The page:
The Sengwer indigenous community of Embobut Forest in Kenya are being forcefully and illegally evicted from their ancestral forest lands by the Kenyan Government. To stop this, they urgently need funds to continue their legal battle.
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The Kenyan Government has sent armed police troops and Kenya Forest Service (KFS) guards to Embobut forest area (in Elgeyo Marakwet County, Western Kenya) to forcefully evict thousands of the indigenous Sengwer inhabitants from their ancestral forestlands in the Cherangany Hills.
Latest news from the ground:
“With the arrival of forest guards, families are running away from their homes. 12 guards all armed with AK 47 and G3 rifles were getting into peoples' houses. Homes are deserted. The guards shot one bullet in the air before getting into the forest. Lots of confusion, fear, desperation and hopelessness is seen amongst community members. One of the guards was telling fleeing families: ‘Get out of the forest’.”
Forest guards have been burning Sengwer houses, and we estimate that as many as 1000 homes have now been burnt.
One Sengwer woman’s home was still burning as she told us that she was hungry because they came to her home while she was making the morning meal an hour earlier, and she and her four small children had had to run. She came out of hiding and told us that:
"All school uniforms, cooking pans, water containers, cups were burnt. Now the children have to stay home while I find uniform and books. The children are very upset because we have lost everything. The children and elderly people will end up getting pneumonia because we don't have anything to cover ourselves at night"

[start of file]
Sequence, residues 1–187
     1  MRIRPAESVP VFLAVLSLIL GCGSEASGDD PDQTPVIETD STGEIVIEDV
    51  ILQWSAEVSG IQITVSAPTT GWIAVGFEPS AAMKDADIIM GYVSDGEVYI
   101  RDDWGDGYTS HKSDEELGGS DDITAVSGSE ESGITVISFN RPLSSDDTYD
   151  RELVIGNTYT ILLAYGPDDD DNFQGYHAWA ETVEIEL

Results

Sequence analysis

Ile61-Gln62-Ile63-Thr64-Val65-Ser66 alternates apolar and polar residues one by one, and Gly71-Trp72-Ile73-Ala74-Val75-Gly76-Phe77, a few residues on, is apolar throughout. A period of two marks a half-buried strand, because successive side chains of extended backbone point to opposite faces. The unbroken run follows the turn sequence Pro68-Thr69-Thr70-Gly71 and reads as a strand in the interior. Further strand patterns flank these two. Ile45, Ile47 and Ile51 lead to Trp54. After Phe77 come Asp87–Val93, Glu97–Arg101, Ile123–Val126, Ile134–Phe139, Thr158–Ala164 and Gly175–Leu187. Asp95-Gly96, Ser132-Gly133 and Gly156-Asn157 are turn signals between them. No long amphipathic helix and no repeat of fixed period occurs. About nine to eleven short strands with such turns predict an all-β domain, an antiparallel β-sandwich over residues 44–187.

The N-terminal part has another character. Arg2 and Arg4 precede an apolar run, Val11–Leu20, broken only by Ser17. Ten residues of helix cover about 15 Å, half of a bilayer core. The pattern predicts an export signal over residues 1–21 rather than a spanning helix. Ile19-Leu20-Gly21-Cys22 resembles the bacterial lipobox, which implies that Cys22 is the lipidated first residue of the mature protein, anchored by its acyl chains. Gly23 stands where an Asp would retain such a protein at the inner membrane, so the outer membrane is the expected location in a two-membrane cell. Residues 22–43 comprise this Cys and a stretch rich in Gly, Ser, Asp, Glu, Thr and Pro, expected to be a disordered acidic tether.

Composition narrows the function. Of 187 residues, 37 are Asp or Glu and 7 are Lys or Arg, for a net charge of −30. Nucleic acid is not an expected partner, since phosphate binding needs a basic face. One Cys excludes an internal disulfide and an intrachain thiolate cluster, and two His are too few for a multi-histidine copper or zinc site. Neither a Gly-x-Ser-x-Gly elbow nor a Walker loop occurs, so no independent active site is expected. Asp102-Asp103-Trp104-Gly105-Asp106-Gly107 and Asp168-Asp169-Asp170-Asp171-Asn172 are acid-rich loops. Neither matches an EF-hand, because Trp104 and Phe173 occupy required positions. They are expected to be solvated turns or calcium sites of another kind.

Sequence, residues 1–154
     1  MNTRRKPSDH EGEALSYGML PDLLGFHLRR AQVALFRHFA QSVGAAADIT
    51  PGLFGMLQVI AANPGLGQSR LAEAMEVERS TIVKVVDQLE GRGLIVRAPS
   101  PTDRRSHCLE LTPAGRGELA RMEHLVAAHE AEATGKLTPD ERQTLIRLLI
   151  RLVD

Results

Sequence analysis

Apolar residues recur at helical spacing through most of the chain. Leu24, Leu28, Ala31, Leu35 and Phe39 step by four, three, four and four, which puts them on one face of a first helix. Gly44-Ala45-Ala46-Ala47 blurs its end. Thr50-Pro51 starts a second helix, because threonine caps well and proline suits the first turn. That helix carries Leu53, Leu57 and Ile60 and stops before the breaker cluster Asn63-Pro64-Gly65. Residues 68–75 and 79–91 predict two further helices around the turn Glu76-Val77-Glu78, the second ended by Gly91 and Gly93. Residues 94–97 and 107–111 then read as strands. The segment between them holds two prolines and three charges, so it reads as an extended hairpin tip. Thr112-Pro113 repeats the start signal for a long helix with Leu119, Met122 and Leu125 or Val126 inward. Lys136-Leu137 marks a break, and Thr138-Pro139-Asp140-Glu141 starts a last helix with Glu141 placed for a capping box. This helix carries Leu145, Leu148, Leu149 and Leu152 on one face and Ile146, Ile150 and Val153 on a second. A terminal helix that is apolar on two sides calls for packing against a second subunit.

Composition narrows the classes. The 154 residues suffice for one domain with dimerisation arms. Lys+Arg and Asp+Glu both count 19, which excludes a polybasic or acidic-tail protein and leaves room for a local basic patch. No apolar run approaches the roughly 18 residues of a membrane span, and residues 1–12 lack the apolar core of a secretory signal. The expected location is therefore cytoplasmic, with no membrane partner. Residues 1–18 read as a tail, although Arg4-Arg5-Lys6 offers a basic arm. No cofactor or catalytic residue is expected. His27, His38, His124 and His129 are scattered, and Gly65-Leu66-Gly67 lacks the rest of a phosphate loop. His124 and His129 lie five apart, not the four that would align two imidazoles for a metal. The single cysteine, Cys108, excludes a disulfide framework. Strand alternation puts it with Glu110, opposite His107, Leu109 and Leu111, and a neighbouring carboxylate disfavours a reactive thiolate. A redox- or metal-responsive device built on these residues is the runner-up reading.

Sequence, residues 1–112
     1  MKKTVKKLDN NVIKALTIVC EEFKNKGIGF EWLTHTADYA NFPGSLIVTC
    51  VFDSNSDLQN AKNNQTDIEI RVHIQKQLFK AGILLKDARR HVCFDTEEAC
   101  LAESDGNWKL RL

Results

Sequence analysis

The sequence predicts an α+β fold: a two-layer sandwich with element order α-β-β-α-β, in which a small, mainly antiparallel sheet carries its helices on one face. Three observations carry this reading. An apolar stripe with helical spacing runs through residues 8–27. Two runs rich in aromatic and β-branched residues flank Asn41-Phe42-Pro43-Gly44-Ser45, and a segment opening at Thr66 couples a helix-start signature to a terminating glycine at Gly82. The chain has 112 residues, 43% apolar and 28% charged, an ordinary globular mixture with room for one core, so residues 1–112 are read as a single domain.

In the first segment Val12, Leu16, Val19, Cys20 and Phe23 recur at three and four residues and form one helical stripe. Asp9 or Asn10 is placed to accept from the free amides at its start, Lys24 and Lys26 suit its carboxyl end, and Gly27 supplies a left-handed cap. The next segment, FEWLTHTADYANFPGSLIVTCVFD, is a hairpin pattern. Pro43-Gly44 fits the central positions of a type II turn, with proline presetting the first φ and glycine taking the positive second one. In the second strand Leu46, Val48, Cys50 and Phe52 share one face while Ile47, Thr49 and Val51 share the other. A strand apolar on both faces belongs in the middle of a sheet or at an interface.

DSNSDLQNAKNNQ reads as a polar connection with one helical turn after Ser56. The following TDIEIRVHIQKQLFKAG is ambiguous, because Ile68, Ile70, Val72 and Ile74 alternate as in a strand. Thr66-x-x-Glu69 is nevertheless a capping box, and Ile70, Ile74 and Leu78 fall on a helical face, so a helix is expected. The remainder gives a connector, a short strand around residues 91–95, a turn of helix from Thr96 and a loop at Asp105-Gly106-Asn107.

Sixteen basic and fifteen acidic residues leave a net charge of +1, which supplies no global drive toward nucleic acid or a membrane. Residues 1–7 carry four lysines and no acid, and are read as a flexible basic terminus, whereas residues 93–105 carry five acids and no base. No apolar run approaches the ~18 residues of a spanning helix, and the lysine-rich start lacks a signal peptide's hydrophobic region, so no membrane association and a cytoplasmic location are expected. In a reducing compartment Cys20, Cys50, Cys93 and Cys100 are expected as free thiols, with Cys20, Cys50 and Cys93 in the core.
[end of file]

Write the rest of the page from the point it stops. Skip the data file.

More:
This forced eviction is not only a severe violation of the Kenyan Constitution and international law on human rights, and on biodiversity conservation and sustainable use, but is also in contempt of an injunction secured at the High Court in Eldoret in March 2013 (extended on 21st November) which forbids any such evictions in Embobut until the issue of those Sengwer communities’ land rights is resolved.
According to the 2010 Kenya Constitution (Article 63) and international law, the indigenous Sengwer have the right to not be moved from their ancestral territories unless they have given their free, prior and informed consent.
For many years the Kenyan Government has been trying to remove the Sengwer from their ancestral land by burning their homes and food stores. They have done this in the name of a fortress conservation approach which seeks to remove local people from their lands, and which makes the environmental situation worse while creating a human rights crisis.
The UN Special Rapporteur on the rights of indigenous people, James Anaya, has urged the Government of Kenya “to ensure that the human rights of the Sengwer indigenous people are fully respected, in strict compliance with international standards protecting the rights of indigenous peoples.” “Any removal of Sengwer people from their traditional lands should not take place without adequate consultations and agreement with them, under just terms that are fully protective of their rights”, Mr. Anaya stressed.
Funds are desperately needed to continue the legal effort to stop these appalling evictions now, and to ensure that Sengwer families can safely return to the forest.
For further background information on this case please visit:
For the full press statement of the Special Rapporteur on the rights of indigenous people, visit:
International media reports include:
Thomson Reuters: http://www.trust.org/item/20140109205601-2iebf/?source=hptop
Kenyan media reports include:
Campaigning groups reports include: